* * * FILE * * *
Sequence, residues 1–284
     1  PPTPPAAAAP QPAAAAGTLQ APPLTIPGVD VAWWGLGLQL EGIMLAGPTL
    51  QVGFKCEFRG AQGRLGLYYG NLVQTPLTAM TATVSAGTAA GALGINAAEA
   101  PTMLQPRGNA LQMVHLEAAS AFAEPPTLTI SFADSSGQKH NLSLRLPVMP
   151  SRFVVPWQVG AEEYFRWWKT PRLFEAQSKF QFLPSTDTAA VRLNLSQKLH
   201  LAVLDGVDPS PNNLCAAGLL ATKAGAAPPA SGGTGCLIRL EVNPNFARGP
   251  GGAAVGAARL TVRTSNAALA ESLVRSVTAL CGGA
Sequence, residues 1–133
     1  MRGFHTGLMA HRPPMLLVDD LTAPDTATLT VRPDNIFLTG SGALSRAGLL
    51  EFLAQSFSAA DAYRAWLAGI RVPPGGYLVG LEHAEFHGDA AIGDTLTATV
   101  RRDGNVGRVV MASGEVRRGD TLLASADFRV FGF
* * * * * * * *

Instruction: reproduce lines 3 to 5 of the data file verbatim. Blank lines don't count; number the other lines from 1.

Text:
    51  QVGFKCEFRG AQGRLGLYYG NLVQTPLTAM TATVSAGTAA GALGINAAEA
   101  PTMLQPRGNA LQMVHLEAAS AFAEPPTLTI SFADSSGQKH NLSLRLPVMP
   151  SRFVVPWQVG AEEYFRWWKT PRLFEAQSKF QFLPSTDTAA VRLNLSQKLH